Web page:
is created by David Witten, a mathematics and computer science student at Vanderbilt University. For more information, see the "About" page.

Find a Normal Vector to a Hyperplane

MathJax TeX Test Page Let's say you have $n-1$ vectors in $\mathbb{R}^n$. Your goal is to find a vector to the hyperplane created by the span of the vectors. The vector $\vec{x}$ has to satisfy these equations $$v_1 \cdot x = 0 , v_2 \cdot x = 0, \dots , v_{n-1} \cdot x = 0$$ Now, let's rewrite these equations $$v_1^Tx = 0, v_2^Tx = 0, v_3^Tx = 0, \dots , v_{n-1}^Tx = 0$$ We can rewrite this into a matrix $$\begin{bmatrix}v_1^Tx\\v_2^Tx\\v_3^Tx\\...\\v_{n-1}^Tx\end{bmatrix} = \vec{0}_{n-1}$$ Recall that this is also the row definition of matrix multiplication. $$\begin{bmatrix}v_1^T\\v_2^T\\\dots\\v_{n-1}^T\end{bmatrix}x = \vec{0}$$ Our goal is to find the null space of the tranpose of the vectors.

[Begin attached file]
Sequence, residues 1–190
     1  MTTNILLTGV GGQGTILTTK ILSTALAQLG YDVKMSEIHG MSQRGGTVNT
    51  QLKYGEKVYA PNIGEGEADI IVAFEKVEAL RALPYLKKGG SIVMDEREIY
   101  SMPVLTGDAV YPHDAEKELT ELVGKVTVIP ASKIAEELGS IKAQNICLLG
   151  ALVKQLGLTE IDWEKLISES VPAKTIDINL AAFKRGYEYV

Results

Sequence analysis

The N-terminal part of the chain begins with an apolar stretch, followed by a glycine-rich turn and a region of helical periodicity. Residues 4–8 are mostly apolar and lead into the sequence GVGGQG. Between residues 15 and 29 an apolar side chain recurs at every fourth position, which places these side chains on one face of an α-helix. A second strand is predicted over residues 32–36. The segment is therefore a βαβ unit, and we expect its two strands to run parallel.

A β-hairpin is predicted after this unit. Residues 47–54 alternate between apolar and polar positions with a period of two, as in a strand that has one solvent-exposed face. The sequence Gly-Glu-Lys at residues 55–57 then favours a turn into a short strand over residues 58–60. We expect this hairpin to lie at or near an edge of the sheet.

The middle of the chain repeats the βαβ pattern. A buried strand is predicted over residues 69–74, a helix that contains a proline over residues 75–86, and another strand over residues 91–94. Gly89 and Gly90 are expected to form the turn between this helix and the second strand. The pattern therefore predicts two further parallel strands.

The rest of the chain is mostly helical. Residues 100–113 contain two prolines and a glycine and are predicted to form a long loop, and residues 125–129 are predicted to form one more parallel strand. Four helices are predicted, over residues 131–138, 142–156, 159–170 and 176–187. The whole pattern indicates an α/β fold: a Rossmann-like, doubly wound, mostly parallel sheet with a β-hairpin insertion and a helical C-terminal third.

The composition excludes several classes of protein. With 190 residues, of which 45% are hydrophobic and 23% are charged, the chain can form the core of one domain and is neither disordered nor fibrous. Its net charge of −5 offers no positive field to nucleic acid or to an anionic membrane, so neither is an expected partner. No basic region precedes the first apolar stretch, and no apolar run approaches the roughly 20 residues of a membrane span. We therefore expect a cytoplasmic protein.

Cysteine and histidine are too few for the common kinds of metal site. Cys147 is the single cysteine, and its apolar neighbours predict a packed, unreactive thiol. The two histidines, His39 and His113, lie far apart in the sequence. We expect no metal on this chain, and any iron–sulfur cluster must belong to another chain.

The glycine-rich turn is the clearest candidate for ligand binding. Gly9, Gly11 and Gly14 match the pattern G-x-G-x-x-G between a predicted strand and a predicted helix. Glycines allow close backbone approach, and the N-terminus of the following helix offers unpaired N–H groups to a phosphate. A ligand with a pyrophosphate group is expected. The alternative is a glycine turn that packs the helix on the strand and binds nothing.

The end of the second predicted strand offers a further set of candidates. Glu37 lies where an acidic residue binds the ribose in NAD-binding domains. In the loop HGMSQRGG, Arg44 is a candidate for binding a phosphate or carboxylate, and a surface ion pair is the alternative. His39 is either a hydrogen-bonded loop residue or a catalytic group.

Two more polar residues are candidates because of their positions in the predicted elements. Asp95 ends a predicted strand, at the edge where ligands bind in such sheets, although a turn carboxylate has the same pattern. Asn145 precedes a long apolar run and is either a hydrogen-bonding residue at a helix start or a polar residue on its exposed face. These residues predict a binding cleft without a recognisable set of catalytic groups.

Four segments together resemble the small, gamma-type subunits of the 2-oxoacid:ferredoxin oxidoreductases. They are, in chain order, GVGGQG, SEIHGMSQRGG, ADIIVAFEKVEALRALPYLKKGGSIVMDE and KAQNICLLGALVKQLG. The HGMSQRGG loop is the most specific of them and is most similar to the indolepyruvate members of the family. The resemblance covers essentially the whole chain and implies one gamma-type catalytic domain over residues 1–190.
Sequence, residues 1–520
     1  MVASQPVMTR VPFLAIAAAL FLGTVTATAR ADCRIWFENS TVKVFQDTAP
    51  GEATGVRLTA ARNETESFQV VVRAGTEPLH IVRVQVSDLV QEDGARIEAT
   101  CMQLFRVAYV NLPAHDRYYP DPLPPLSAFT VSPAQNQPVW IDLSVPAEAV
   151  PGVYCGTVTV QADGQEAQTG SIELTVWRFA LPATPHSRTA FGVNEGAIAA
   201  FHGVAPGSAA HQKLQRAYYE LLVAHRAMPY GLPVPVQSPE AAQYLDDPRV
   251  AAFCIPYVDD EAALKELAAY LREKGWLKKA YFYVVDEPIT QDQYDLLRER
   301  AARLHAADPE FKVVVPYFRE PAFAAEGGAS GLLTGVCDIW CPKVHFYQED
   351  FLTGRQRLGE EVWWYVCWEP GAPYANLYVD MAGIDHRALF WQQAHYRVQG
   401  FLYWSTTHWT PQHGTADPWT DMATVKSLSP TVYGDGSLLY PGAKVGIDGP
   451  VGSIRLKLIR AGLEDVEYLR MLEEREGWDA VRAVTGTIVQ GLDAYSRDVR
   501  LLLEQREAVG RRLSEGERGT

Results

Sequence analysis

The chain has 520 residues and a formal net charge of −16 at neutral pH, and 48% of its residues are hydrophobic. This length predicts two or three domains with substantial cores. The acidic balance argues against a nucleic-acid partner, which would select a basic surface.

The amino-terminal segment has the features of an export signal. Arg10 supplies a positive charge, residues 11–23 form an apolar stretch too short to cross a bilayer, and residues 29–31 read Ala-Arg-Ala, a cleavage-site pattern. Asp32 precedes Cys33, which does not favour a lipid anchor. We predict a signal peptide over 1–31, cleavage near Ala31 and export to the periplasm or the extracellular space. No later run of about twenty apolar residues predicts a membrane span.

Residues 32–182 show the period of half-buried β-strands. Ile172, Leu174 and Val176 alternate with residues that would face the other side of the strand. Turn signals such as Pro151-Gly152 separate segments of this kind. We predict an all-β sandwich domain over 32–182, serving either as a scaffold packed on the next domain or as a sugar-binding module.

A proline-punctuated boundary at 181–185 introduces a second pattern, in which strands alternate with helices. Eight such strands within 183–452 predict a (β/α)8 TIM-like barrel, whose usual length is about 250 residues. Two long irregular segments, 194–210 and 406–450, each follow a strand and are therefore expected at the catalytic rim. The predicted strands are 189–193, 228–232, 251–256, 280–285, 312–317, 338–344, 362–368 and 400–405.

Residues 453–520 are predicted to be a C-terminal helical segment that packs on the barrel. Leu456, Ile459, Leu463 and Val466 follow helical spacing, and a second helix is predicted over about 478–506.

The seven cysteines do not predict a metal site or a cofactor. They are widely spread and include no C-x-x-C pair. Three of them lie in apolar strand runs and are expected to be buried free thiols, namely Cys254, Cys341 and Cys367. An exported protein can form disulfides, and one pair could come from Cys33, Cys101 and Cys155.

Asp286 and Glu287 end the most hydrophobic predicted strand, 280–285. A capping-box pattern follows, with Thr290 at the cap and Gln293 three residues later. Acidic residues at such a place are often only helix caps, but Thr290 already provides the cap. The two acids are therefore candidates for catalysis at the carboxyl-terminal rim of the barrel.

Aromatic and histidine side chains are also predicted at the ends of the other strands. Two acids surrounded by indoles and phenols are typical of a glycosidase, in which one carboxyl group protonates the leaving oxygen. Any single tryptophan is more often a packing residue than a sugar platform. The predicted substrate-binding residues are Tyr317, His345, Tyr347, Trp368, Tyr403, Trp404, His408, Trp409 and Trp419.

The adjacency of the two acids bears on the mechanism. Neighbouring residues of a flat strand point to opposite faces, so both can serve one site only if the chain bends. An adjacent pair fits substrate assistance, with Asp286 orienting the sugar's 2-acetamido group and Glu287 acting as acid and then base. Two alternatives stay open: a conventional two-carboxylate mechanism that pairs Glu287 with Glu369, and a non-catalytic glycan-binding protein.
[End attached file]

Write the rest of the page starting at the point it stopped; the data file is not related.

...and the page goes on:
Example 1: Two 3D vectors

MathJax TeX Test Page Find a normal vector to the hyperplane that spans $$\begin{bmatrix}-2\\1\\3\end{bmatrix}, \begin{bmatrix}1\\0\\3\end{bmatrix}$$ Looking at what we did before, we write $$\begin{bmatrix}1&0&3\\-2&1&3\end{bmatrix}x = \vec{0}$$ We row-reduce to $$\begin{bmatrix}1&0&3\\0&1&9\end{bmatrix}x = \vec{0}$$ We thus know that $x_1 + 3x_3 = 0$, $x_2 + 9x_3 = 0$. We have this vector $$\begin{bmatrix}x_1\\x_2\\x_3\end{bmatrix} = \begin{bmatrix}-3x_3\\-9x_3\\x_3\end{bmatrix} = x_3\begin{bmatrix}-3\\-9\\1\end{bmatrix}$$ The normal vector is any non-zero multiple of $$\begin{bmatrix}-3\\-9\\1\end{bmatrix}$$.

Example 2: Three vectors in R^4

MathJax TeX Test Page Given these vectors, find an orthogonal vector to all 3. $$\begin{bmatrix}-2\\1\\3\\5\end{bmatrix},\begin{bmatrix}1\\0\\3\\8\end{bmatrix},\begin{bmatrix}0\\1\\1\\5\end{bmatrix}$$ Now, we create $A^T$. $$\begin{bmatrix}-2&1&3&5\\1&0&3&8\\0&1&1&5\end{bmatrix} \to \begin{bmatrix}1&0&0&2\\0&1&0&3\\0&0&1&2\end{bmatrix}$$ So, we have this $$\begin{cases}x_1 = -2x_4\\x_2 = -3x_4\\x_3 = -2x_4\end{cases}$$ $$=x_4\begin{bmatrix}-2\\-3\\-2\\1\end{bmatrix}$$ To check that it works, calculate the dot product with all three.

Orthogonal Complement

Column Space